Fruit and vegetable intake was on average 275Â±164 g/d, and less than 20% of the subjects consumed =400 g/day. Fish and cod liver oil intake was in line with the FBDG among approximately 25% of subjects. Most subjects (87%) consumed at least two portions of dairy products daily. Food with relatively low nutrient density (cakes, cookies, sugar sweetened drinks, sweets and ice-cream) provided up to 25% of total energy intake. The contribution of saturated fatty acids to total energy intake was 14.1%. Less than 20% of the children consumed dietary fibers in line with recommendations, and for saturated fat and salt only 5% consumed less than the recommended upper limits. Average intake of most vitamins and minerals, apart from vitamin-D, was higher than the recommended intake.
Although the vitamin and mineral density of the diet seems adequate, with the exception of vitamin-D, the contribution of low energy density food to total energy intake is high. Intake of vegetables, fruits, fish and cod liver oil is not in line with public recommendations. Strategies aiming at improving diet of young children are needed.
Audience segmentation optimises health communication aimed to promote healthy dietary habits, such as fruit and vegetable (F&V) consumption. The present study aimed to segment respondents into clusters based on F&V-related perceptions, and to describe these clusters with respect to F&V consumption and sex.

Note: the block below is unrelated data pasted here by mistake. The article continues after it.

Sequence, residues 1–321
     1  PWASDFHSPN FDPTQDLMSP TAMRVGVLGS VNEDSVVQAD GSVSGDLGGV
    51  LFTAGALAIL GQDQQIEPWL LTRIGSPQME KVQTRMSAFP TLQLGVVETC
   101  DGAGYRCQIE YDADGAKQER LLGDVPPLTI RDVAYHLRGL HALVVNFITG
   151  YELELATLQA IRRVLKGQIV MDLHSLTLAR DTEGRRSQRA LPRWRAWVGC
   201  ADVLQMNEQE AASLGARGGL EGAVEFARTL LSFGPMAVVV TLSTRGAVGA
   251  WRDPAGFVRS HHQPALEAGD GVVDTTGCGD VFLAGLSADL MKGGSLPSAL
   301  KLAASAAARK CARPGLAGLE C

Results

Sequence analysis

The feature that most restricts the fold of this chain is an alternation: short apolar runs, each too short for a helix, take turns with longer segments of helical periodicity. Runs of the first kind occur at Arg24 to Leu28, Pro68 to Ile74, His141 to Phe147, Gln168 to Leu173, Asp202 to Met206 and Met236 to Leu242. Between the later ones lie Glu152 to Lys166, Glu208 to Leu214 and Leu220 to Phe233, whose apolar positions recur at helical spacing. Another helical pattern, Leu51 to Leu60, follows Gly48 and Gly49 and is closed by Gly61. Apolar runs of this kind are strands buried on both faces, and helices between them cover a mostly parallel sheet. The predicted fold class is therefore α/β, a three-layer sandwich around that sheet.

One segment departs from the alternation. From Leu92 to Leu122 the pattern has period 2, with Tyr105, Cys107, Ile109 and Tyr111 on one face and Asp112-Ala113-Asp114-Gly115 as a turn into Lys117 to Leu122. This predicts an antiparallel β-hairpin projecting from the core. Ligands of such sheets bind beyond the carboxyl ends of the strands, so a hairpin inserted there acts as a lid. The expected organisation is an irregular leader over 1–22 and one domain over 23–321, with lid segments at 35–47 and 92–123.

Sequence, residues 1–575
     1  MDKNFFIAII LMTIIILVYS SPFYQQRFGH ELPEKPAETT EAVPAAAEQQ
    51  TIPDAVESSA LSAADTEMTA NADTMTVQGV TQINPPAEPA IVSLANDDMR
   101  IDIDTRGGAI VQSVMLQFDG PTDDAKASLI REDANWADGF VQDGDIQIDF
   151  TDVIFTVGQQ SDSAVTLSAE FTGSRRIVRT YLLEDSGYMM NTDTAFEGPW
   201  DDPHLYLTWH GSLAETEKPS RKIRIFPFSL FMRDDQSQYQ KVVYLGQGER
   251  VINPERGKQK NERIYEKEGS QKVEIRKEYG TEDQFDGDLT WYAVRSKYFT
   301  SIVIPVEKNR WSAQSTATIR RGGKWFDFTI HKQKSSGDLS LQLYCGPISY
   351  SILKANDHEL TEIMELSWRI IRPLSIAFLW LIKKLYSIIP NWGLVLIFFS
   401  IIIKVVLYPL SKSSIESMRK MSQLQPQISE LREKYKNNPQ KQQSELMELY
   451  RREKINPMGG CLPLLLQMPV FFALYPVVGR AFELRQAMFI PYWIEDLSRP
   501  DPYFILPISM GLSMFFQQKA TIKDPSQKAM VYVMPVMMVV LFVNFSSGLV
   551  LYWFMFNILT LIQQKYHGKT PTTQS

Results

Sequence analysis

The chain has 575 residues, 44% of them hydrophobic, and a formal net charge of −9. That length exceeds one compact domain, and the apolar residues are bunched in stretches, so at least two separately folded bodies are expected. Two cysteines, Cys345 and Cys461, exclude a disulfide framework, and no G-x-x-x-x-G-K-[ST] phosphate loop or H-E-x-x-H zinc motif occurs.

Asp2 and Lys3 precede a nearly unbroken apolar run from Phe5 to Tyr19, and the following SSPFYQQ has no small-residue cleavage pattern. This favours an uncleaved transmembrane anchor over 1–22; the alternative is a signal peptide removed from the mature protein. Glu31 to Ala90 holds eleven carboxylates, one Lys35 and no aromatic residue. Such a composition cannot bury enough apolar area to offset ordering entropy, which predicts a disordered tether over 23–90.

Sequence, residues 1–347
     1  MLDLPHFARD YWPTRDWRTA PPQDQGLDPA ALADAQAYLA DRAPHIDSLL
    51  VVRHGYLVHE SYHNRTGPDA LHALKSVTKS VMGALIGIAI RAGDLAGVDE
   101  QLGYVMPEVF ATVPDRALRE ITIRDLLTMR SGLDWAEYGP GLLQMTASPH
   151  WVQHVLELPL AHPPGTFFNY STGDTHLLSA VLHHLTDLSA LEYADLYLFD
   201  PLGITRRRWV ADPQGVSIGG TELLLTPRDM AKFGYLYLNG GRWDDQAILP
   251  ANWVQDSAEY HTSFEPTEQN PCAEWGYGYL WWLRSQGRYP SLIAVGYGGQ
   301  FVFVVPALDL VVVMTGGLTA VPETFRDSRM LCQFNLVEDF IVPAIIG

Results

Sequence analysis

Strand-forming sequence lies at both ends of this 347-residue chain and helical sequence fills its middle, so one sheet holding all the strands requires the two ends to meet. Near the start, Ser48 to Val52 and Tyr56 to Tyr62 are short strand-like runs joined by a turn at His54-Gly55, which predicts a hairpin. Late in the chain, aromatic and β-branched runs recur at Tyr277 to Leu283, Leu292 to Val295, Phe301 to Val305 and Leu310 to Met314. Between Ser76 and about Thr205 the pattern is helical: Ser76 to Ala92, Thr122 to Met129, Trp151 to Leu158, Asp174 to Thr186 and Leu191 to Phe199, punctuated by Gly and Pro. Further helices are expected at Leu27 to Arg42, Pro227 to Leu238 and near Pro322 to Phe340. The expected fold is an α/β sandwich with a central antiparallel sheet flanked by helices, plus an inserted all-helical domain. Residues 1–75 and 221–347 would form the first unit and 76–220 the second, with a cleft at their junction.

The cross-sectional study was conducted using a semi-structured questionnaire. The respondents were randomly selected among Swedish adults (n = 1304; response rate 51%; 56% women). A two-step cluster analysis was conducted followed by a binary logistic regression with cluster membership as a dependent variable. The clusters were compared using t-tests and chi-squared tests. P
The four pesticides epoxiconazole, prochloraz, procymidone and tebuconazole, are commonly used pesticides, all suspected of acting as endocrine disrupters. In the present study, we assessed the acute cumulative dietary exposure to the women of child bearing age and the general population of Denmark to these pesticides from the intake of fruit and vegetables. The assessment was carried out using the probabilistic approach combined with the relative potency factor (RPF) approach. Residue data for prochloraz, procymidone, and tebuconazole were obtained from the Danish monitoring programme 2006-2009, while residue data for epoxiconazole were obtained from the Swedish monitoring programme carried out in the period 2007-2009. Food consumption data were obtained from the Danish nationwide dietary survey conducted in 2000-2002. Relative potency factors for the four pesticides were obtained from rat studies. Prochloraz was used as the index compound. All four pesticides increased nipple retention in male offspring, and epoxiconazole, prochloraz, and tebuconazole also increased the gestation period in pregnant rat dams. For women of childbearing age, the high-end cumulative exposure (99.9th percentile) was calculated to 9% of the Adjusted Reference Value (ARV) for the effect on nipple retention and to 1% of the ARV for the effect on increased gestation period.